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Overview presentation of the goals and programatic structure of the Klamath Basin Tribal Youth Program. Including an overview of the weekly structure and activitie within the program. The goal was to expose the students to a range of natural resource and climate change relate issues confronting tribes, organizations, agencies, and communities of the Klamath Basin and incorporate personal stories with available scientific information.
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The Quartz Valley Indian Reservation will partner with tribes, federal agencies and higher education institutions in the Klamath Basin on a tribal youth intern program for the summer of 2014. This program will build on current efforts to integrate western science and TEK for climate change planning and adaptation in the Klamath Basin.
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The Quartz Valley Indian Reservation will partner with tribes, federal agencies and higher education institutions in the Klamath Basin on a tribal youth intern program for the summer of 2014. This program will build on current efforts to integrate western science and TEK for climate change planning and adaptation in the Klamath Basin.
The Quartz Valley Indian Reservation (QVIR) partnered with tribes, federal agencies, watershed councils, and higher education institutions in the Klamath Basin for this project during summer of 2014. This project built upon current efforts to integrate western science and traditional ecological knowledge (TEK) for climate change planning and adaptation in the Klamath Basin. North Pacific Landscape Conservation Cooperative (NPLCC), Northwest Climate Science Center (NW CSC), and additional federal funding from the USDA Forest Service and other federal agencies supported five tribal interns. The internship project was 10-weeks in the summer 2014. The tribal students were college-level from the Klamath Tribes, QVIR,...
The Klamath Basin is under constant stress due to a changing climate, unpredictable weather patterns, and management of the forests. The physical geography of the Klamath Basin itself is at the heart of many of the regions ecological issues. With much of the Western U.S. suffering from several years of drought, the disruptions caused by urbanization, expansive agriculture, and climate change are causing problems for the traditional practices of the members of the Klamath Tribes in the Upper Klamath Basin. The Klamath Basin sprawls over the state boundary of California and Oregon, politically dividing the upper and lower basins. Vast differences in landscape, ecology, and topography further isolate the communities...
Wildfires, Traditional Burning, and Prescribed have been a way of shaping the landscape of the Klamath Basin for thousands of years. I’ve been researching these subjects for the past summer during my internship for the KBTYP (Klamath Basin Tribal Youth Program). In my time spent up and down the Klamath Basin I have found a great interest in fire, so I decided to write my report on it. This report will detail information about the different types of burning and how each one has a different effect on the climate of the Klamath Basin. It’s been a great experience for me and I have learned a lot from different agencies and people such as, tribal governments, tribal elders, fish and wildlife, people from various communities,...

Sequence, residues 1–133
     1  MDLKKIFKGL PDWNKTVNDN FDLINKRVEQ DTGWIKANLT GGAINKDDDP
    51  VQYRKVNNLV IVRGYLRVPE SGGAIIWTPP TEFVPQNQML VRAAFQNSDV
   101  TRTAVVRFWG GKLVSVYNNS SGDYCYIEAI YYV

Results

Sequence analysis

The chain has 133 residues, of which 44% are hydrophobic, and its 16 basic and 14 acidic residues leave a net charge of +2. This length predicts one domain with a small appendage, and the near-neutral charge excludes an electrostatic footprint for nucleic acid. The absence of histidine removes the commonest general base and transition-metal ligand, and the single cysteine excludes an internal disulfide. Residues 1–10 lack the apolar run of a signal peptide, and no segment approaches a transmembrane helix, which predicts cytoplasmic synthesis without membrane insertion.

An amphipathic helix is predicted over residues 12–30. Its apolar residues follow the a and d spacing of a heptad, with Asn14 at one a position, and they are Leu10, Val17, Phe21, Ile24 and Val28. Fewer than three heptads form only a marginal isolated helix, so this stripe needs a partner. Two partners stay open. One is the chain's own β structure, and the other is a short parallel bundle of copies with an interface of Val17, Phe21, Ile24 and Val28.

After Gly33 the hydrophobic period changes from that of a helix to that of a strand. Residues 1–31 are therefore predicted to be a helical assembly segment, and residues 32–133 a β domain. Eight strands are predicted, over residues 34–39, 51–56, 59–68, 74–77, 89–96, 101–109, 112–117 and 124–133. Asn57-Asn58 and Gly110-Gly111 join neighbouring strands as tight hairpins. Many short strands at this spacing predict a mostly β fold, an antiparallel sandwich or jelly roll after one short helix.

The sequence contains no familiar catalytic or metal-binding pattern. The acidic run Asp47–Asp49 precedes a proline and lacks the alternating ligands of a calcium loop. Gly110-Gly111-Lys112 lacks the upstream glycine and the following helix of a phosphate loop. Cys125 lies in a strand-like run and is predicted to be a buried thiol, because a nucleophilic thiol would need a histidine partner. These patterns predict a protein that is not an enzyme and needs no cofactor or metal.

On July 31st, 2014 a fire started on the Lower Salmon River Basin and continued to burn upstream. This fire gave local scientists and water quality managers an opportunity to study how fires in the ecosystem can impact our fisheries. (Robinson, 2013) In a theoretically “perfect” world there should never be a “bad” fire. For example, back before the Europeans and foreigners arrived, long before forest service was around, the native people used fire so frequently that when lightning would touch down that all the lightning would do nothing but burn all the unwanted brush or tress that wasn’t useful and using a lot of groundwater that can also be generated more toward the old growth. It wasn’t until the forest service...
The six federally recognized tribes of the Klamath Basin have depended on traditional foods for survival since time immemorial. Frequent, low-severity fires were implemented historically by tribal peoples to help enhance traditional foods and manage forest growth. For the Karuk Tribe, living in the Mid-Klamath region, over 75% of traditional foods were enriched by fire (Norgaard 2014). Due to the enactment of fire suppression as a national policy for almost a century, many tribal members today do not have access to traditional foods, negatively impacting biological and psychological health. The procurement of traditional foods requires detailed knowledge of the environment, and since the tribal peoples of the Klamath...


    map background search result map search result map Final Report: Cultural Adaptation Through Traditional Ecological Knowledge and Climate Change Climate change and Tribal Ecological Knowledge Summer Internship Presentation Final Report: Cultural Adaptation Through Traditional Ecological Knowledge and Climate Change Climate change and Tribal Ecological Knowledge Summer Internship Presentation